Use Marinades To Add Flavor To Summer Meals

Ever wonder what makes a successful marinade? Read on to find the three ingredients for success!
Use Marinades To Add Flavor To Summer Meals - Articles

Updated: October 5, 2016

Use Marinades To Add Flavor To Summer Meals

Author Aimee Plesa/Flickr.com CC BY 2.0

Marinades are a great way to flavor and tenderize meat. Although cooks can soak meat in just about anything, a true marinade must contain some type of acid to be an effective tenderizer. Acidic molecules in fruits, vegetables, and vinegar breakdown the connective tissue in meat over time.

Marinades should include three essential elements:

  • Flavor. Using seasonings and spices, cooks can give a variety of meats unique flavors.
  • Acids or alcohol. Effective acids are found in tomato products, lemons, fruit juices and vinegar. Almost all marinades containing alcohol are made with wine.
  • Salt. The acid in a marinade may cause meat to lose its ability to retain water. Adding salt improves juiciness and allows the meat to retain the marinade's flavors.

Marinades need time to work so they are able to penetrate all the way through the cut. Suggested marinating times vary greatly depending on the kind, cut, and size of the meat. Denser meats like pork and steak can marinate for 24 hours or even longer. Lighter meats like chicken can marinate between 2 hours and 24 hours. Seafood marinating times range from 15 to 60 minutes.

Other marinade tips include:

  • Do not marinate in a metal container. The acidic mixture can react with the metal. Use a seal-able plastic or glass container and cover with plastic food wrap. Uncover and turn the food over occasionally so all sides are coated evenly with the marinade. Or place food in a plastic food bag, pour in the marinade; seal and refrigerate, turning the bag over from time to time.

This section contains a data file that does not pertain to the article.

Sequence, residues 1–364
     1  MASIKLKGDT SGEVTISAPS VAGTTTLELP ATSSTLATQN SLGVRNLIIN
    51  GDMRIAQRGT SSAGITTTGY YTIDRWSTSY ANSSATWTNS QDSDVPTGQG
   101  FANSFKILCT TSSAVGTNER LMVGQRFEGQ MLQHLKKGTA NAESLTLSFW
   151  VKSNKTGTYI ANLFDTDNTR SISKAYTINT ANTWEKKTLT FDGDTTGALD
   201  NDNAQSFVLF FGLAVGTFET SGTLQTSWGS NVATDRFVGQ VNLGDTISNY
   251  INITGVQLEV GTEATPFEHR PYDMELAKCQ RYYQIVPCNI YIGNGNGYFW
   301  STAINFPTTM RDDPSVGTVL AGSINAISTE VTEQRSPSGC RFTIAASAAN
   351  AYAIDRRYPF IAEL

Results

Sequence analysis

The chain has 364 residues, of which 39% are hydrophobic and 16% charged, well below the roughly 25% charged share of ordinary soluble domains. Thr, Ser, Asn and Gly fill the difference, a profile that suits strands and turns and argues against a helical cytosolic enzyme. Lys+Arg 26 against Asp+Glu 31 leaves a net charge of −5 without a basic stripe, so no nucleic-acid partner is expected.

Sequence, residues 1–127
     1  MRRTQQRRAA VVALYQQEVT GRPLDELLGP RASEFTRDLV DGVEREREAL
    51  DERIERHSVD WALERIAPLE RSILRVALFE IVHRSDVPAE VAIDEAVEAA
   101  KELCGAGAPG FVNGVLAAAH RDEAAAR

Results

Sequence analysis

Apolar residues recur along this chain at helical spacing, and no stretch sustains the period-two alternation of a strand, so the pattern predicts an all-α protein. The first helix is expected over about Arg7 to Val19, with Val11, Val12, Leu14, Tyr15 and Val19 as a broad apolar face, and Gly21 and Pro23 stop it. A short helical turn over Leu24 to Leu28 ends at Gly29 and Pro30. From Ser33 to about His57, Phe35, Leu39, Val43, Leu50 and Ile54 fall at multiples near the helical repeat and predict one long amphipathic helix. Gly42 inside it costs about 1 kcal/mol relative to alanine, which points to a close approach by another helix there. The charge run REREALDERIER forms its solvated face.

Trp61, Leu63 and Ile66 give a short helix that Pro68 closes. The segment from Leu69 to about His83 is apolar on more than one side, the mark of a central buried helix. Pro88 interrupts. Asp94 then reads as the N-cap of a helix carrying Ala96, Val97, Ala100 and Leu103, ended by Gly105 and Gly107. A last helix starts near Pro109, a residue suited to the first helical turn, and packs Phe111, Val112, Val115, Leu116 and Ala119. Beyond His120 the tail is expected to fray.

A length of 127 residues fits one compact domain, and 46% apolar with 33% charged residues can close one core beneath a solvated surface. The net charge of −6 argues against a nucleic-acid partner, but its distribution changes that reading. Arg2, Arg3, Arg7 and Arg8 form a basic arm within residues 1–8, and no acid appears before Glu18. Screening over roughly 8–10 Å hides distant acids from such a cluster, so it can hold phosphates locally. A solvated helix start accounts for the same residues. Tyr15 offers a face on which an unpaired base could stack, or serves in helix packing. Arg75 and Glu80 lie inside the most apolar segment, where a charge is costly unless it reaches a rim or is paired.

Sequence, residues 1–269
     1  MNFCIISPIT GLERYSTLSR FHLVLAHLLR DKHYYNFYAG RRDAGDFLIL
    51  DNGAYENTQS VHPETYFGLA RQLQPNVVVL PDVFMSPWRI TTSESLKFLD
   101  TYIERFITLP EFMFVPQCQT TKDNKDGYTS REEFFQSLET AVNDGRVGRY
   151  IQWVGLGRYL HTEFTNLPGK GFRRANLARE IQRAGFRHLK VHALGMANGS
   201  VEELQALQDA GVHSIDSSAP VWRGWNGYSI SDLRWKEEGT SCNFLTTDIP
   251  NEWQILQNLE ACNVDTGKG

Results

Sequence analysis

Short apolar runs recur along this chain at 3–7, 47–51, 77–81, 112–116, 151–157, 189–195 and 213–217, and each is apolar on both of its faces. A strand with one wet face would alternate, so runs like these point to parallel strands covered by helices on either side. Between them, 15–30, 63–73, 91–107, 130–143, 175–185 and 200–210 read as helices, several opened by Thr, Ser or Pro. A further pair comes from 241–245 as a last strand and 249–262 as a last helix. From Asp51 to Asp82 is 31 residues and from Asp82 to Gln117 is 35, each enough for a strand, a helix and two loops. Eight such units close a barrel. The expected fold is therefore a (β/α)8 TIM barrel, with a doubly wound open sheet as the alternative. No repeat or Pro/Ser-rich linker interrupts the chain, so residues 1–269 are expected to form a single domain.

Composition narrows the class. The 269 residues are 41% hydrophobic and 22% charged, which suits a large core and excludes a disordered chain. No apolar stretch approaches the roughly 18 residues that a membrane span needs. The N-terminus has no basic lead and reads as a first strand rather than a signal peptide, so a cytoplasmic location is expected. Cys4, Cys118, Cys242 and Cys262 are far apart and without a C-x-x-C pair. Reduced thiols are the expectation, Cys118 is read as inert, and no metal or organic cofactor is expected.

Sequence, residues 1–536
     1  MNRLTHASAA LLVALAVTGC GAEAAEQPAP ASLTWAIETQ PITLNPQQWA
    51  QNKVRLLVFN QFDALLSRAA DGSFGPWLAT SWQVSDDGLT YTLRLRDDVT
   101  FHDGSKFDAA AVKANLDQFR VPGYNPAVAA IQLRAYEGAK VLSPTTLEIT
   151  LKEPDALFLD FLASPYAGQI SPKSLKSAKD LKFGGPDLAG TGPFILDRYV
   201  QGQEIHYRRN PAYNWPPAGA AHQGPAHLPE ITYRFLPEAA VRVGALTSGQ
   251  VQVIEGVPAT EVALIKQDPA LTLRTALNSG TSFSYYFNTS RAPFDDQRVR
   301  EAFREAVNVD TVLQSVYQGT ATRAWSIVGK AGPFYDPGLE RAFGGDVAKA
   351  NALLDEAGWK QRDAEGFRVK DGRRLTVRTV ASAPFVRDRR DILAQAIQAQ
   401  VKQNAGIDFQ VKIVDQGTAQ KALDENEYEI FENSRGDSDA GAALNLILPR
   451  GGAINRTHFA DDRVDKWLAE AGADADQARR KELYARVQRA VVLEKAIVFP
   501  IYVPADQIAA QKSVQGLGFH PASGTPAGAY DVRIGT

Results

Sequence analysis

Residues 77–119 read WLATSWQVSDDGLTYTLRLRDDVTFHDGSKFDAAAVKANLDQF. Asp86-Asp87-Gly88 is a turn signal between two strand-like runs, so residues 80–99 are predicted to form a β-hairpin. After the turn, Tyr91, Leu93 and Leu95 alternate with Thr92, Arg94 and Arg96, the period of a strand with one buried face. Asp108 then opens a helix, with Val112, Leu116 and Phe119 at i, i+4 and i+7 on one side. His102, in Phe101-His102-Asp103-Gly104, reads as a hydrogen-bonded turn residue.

• Always marinate foods in the refrigerator, not on the kitchen counter. Place marinating meat on the bottom shelf of the refrigerator to prevent any possible leaks onto foods below.
  • Discard the marinade after use because it contains raw juices, which may harbor bacteria. If you want to use the marinade as a dip or sauce, reserve a portion before adding raw food.

Below are two marinade recipes which you can try:

Herb Beef Marinade

  • ¼ cup onion chopped
  • 2 tablespoons parsley
  • 2 tablespoons white vinegar
  • 1 tablespoon prepared mustard
  • ¼ teaspoon garlic powder
  • ¼ teaspoon basil, dried

Mix onion, parsley, vinegar, mustard, garlic powder and basil. Place meat in plastic bag and pour in marinade. Close the bag securely, place in a bowl and marinate in refrigerator six to eight hours or overnight, turning at least once. Pour off marinade and discard. Broil or grill meat to desired temperature.

Marinade for Poultry

  • 1 cup oil
  • ½ c. low sodium soy sauce
  • 2 T. Horseradish, grated
  • ½ tsp garlic powder
  • 2 cups lemon-lime soda

Mix all ingredients, except soda. Place cut up turkey breast or chicken in large bowl or dish. Pour marinade mixture over poultry, and then add the soda. Place lid or cover over dish. Marinate for at least 24 hours in refrigerator. Place on grill for 20-25 minutes on low heat, until 165° F.

Authors

Food, Families and Health: PROSPER

More by Karen Thomas